Thanks to whomsoever set this, and to M’pops for his unravelling of several for me. Love the avatar, a most glamorous saint!
    Going out today, only the second time I’ve left the house in seven months.

          1. A common word that the great educated masses we have assembled here have never heard of before. Only you seem convinced. I am in the word back was missing from the clue camp.

      1. C.
        BRB: “staddle” support esp for stack of hay, the bottom of a stack. That is stretching “seat” beyond its elastic limit for me.

        1. Of course it could be the answer but the odds are so long that the compiler meant that.

          I’m amazed some of you are entertaining the idea.

          Madness, I tell you. Madness.

          1. You mistake me, I am not supporting staddle, rather the opposite I was supporting your view, hence “stretched beyond its elastic limit”. Sorry but In the circumstances to be accused of madness I think is completely uncalled for.

              1. You sound just like Mrs LROK, I start off a sentence & after the first few words she finishes it with whatever she thinks I should be saying. Makes for a peaceful life.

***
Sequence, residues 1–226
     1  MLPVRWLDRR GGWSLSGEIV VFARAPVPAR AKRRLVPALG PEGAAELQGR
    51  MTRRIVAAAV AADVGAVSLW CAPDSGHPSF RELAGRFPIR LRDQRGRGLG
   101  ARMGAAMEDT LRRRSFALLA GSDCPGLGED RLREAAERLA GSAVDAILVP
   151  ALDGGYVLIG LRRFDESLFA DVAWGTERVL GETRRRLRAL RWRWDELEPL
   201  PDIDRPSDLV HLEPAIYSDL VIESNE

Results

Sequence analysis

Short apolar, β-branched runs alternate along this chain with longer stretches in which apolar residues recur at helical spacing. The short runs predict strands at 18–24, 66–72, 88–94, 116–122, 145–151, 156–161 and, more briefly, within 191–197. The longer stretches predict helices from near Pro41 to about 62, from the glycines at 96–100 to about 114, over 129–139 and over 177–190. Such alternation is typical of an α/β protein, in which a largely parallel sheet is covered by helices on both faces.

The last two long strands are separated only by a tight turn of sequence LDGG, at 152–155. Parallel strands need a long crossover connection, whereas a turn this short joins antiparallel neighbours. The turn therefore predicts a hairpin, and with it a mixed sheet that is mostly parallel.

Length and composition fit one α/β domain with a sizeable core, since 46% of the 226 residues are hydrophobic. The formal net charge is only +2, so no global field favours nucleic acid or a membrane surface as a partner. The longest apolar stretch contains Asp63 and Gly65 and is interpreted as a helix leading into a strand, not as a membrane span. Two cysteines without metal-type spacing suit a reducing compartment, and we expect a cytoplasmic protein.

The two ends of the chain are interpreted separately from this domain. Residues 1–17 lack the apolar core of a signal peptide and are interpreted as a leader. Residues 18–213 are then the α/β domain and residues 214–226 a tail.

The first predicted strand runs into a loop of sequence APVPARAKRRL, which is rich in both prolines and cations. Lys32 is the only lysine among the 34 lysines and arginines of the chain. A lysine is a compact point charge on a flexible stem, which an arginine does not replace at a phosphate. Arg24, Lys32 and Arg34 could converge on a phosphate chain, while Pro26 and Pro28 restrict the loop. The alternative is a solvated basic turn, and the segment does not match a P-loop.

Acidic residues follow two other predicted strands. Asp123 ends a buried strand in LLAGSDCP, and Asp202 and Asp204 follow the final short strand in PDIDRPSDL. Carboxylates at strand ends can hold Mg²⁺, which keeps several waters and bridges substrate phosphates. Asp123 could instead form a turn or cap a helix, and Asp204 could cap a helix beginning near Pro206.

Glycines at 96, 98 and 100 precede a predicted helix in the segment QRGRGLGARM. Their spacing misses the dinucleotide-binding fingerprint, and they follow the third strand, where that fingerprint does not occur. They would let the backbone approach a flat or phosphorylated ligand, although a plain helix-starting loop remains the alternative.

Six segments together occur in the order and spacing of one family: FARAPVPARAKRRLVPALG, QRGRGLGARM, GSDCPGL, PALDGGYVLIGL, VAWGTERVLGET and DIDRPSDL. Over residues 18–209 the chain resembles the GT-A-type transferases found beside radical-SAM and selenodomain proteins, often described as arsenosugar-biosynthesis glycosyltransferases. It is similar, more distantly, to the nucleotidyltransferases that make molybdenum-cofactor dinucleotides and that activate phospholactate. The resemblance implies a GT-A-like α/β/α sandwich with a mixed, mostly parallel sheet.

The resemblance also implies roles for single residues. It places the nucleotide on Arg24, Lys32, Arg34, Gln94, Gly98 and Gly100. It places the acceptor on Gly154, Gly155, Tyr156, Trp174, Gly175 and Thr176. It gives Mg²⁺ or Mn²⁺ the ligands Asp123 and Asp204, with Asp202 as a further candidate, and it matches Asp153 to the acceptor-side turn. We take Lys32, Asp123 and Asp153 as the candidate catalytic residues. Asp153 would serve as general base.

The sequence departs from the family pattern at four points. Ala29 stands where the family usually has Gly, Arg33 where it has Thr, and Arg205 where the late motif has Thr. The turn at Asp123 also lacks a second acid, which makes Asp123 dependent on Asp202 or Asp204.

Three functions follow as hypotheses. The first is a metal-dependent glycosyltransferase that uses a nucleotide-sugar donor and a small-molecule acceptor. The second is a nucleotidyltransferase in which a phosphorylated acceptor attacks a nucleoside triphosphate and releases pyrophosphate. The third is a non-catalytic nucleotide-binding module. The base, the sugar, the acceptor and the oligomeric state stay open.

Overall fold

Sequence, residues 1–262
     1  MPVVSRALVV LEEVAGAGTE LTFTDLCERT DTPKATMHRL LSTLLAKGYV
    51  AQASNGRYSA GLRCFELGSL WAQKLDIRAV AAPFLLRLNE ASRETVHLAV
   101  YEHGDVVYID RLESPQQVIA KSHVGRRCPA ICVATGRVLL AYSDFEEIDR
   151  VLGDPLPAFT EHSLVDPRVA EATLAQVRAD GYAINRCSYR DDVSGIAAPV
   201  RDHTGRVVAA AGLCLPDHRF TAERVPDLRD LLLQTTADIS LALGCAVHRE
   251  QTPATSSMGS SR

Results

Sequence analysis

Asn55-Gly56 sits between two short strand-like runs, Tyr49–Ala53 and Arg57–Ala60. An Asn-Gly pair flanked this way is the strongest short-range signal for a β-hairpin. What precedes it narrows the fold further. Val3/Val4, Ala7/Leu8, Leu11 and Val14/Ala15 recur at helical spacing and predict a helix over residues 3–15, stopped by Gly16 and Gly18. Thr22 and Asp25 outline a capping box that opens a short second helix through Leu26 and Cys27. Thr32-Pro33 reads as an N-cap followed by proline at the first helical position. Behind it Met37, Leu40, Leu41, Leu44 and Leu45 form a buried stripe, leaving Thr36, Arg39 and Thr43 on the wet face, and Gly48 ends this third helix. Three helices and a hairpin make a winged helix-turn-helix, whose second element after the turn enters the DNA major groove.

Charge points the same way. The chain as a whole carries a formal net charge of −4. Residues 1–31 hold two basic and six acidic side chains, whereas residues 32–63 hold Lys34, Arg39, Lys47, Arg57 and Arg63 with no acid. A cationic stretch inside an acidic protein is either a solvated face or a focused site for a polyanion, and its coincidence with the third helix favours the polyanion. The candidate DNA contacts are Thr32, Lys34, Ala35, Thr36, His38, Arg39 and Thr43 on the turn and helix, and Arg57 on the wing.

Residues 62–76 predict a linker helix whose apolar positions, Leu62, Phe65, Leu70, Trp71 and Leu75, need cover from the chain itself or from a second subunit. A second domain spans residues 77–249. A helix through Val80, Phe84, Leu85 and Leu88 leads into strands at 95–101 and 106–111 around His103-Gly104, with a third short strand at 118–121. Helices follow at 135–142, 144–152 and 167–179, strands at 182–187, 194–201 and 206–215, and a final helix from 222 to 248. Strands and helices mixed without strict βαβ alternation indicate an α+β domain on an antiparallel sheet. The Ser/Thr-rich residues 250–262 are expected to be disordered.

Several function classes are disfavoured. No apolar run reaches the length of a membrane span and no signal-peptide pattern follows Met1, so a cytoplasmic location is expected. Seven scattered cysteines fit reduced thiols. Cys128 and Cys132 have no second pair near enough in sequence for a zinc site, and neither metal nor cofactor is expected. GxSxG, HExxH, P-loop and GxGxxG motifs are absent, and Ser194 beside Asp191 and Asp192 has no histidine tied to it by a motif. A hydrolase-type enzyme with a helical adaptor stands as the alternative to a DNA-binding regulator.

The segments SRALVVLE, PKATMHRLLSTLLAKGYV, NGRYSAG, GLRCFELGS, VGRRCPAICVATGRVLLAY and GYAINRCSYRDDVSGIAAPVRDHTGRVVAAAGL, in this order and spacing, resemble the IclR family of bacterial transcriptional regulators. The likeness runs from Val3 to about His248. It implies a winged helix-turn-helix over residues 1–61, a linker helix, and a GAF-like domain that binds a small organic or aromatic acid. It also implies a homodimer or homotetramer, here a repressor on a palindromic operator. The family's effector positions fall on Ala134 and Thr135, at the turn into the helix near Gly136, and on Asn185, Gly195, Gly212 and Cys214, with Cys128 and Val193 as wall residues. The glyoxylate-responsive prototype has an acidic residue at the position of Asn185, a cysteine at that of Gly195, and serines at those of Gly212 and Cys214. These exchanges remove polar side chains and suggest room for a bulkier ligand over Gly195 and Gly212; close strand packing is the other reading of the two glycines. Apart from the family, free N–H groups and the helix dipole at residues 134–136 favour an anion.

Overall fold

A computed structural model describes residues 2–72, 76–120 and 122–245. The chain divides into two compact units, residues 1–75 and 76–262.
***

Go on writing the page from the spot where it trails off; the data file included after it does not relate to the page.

Anyway no problems, it’s only a storm in a “t cup”, we all solved it & it has promoted a lively blog

  25. I could begin by being really irritating and asking, “Hey – about that ‘t’ in 8d…” but I am not so mischievous…
    This puzzle was ok. I needed help with 8d of course.
    We had a berserk spell of hailstones in Surrey this afternoon – I was driving back and had to pull in to a minor road as visibility was almost zero.

    Lola is here with me. She is lying on one of her many cushions; she has the free run of the house with the exception of the bedroom, and she is content with that. She understands that I could not go through another night of constant kneading and face to face purring.
    I love her to bits.
    Thanks to the setter and Miffy.

    1. We had to ban the cat we inherited from Faye from the bedroom. One night of being head-butted at 5.30am soon made our minds up!